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Something more is required to satisfy that test than that the clothing be purchased expressly to wear to work.

34. I consider this matter to be distinguishable from
FC of T v Edwards 94 ATC 4255; 49 FCR 318. The clothing in question there consisted of hats, gloves and full evening dress. It was not part of a conventional high quality working wardrobe, such as Ms Edwards had before she commenced employment as personal secretary to the wife of the Governor of Queensland. The clothing in respect of which she sought a deduction was clothing suitable for wearing for formal occasions outside the normal range of employment activities. Ms Edwards had to dress in a manner compatible with the dress of the Governor's wife and her clothes had to be appropriate to the formal occasions which she had to attend as part of her duties. They were clothes of a type rarely worn by people in the course of their employment. They were additional items which had to be added to Ms Edwards' normal working wardrobe, to allow her to be appropriately dressed for some of her income producing activities.

35. The applicant in this matter did give evidence that like Ms Edwards she sometimes changed her clothing a number of times a day. But she did not provide particulars which allowed any calculation of the increased expenditure on clothing necessitated by that requirement. If the applicant had provided full details of her whole expenditure on her working wardrobe it may have been possible to separate out items of expenditure incurred in gaining assessable income and to then decide whether or not they were items of expenditure of a private nature. Items purchased to wear to particular events which the applicant was obliged to attend in the course of her employment activities may then have been found to be expenses which were incurred in gaining assessable income and which were not of a private nature.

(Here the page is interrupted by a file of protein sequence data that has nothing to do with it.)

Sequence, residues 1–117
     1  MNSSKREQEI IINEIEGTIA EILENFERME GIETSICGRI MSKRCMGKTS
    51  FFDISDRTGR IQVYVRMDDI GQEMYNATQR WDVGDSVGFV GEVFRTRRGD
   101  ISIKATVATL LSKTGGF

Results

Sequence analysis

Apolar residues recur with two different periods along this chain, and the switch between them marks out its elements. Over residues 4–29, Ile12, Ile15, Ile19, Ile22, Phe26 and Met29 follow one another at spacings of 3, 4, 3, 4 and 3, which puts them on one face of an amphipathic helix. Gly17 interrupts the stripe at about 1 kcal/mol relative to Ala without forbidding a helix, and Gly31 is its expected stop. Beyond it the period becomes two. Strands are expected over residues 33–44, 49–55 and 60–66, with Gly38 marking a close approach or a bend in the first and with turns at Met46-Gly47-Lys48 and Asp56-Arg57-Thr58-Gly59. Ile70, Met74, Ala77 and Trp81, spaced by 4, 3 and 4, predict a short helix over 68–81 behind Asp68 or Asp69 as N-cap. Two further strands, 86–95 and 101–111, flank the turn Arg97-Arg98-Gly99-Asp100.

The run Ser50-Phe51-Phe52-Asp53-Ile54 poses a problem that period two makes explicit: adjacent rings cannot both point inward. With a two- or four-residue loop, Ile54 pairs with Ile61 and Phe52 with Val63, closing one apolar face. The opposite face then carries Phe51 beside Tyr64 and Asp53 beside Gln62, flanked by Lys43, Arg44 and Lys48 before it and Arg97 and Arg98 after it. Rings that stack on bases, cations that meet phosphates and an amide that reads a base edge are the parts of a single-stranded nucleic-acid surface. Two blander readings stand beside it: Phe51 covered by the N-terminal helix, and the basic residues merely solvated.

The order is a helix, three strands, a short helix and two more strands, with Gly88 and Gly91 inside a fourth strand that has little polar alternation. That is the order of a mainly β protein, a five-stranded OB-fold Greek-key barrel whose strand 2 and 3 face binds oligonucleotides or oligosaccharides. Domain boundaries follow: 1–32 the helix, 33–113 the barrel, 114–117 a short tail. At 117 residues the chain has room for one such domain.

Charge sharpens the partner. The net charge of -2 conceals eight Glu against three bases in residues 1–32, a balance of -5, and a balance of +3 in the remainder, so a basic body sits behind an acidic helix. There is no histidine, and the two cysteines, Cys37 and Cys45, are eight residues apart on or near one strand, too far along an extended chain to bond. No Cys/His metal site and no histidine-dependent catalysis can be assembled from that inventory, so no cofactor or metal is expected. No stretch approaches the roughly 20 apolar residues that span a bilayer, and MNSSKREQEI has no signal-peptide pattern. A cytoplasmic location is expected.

36. However, as Hill J pointed out in Mansfield, that is not clear. His Honour referred to
Mallalieu v Drummond [1983] 2 AC 861 where the House of Lords held that a female barrister was not entitled to deduct the cost of upkeep of a wardrobe of clothes of a design and colour suitable to be worn under her gown during court appearances. Lord Brightman, with whose reasons Lord Diplock, Lord Keith of Kinkel and Lord Roskill agreed, said that the general question was whether a self-employed person could maintain ``partly at the expense of the general body of taxpayers, a wardrobe of everyday clothes which are reserved for work''.

37. The relevant United Kingdom legislation required that in order to establish deductibility the expenditure must be ``exclusively'' for work. It was submitted that that requirement was met by the finding that Miss Mallalieu did keep her barrister's clothes exclusively for work purposes. Lord Brightman quoted with approval from the reasons of Goulding J in